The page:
Diabetes prevention

Dairy products & type 2 diabetes: are they protective or harmful?

Dairy products and type 2 diabetes: are they protective or harmful?

Unlike for cardiovascular disease, the associations between dietary fats and the risk of diabetes have been less investigated. In this prospective analysis in individuals with high cardiovascular risk, Marta Guash-Ferré et al. found an increased risk of type 2 diabetes (T2D) for cheese and butter intakes, and a reduced risk of T2D for whole-fat yogurt.

Type 2 diabetes and animal fats: few clear evidence

Type 2 diabetes (T2D) is on the rise, with more than 415 million adults worldwide suffering from it, and is estimated to increase up to 642 million in 2040.

Because animal fats are rich in saturated fatty acids, their consumption are generally discouraged, as in the 2015 dietary guidelines for Americans, in favor of vegetable fats. However, some studies have shown that each type of saturated fatty acids are not equal, and need  a further research based on the nature of the food.

Thus the aim of the prospective PREDIMED (PREvention con DIeta MEDiterranea) study was to compare the health effects of Mediterranea diet vs control diet in 3.349 individuals. Previous PREDIMED study demonstrated that high vegetable dietary pattern decrease the risk of T2D.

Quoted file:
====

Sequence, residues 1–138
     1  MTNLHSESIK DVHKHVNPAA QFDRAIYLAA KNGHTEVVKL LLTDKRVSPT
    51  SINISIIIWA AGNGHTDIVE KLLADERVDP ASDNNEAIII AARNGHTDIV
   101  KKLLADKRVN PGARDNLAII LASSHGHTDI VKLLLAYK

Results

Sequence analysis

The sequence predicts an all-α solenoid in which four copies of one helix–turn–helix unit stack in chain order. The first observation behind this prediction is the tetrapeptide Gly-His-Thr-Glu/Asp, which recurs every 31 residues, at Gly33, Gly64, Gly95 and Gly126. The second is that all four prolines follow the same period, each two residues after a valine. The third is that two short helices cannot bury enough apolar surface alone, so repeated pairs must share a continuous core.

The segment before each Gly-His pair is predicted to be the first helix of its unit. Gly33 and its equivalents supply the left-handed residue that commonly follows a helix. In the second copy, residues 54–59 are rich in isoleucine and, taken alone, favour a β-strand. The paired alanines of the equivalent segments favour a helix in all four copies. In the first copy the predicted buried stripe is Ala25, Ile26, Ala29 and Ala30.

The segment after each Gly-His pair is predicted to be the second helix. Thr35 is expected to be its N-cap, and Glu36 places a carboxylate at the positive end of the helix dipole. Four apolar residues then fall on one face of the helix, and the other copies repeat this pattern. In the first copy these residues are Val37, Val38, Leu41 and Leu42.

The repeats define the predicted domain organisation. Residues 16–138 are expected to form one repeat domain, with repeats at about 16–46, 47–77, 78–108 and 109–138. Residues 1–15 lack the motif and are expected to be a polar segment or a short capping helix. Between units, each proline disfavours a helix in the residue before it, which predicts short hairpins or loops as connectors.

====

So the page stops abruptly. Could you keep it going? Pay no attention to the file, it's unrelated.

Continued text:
Consuming butter, but not yogurt, may increase the risk of type 2 diabetes

At the baseline, there was no link between saturated fat or animal fat intake and the  T2D occurrence. But after a 4.3 years follow-up, the risk of T2D appears increased in people with the highest uptake of saturated or animal fats. .

However, all saturated or animal fat sources didn’t show the same effects. There were slight differences between several dairy food products, for example whole-fat yogurt consumption was associated with a lower risk of T2D, whereas butter and cheese intake showed the opposite. These results confirm that health effects of fatty acids depend on the type of food. The findings may provide a deeper insight into the recommendations for dietary guidelines, regarding the type of dietary fat to be consumed at a population level.

To learn more, read the original article.

Source : Guash-Ferré M et al. American Journal of Clinical Nutrition 2017;105:723-735.

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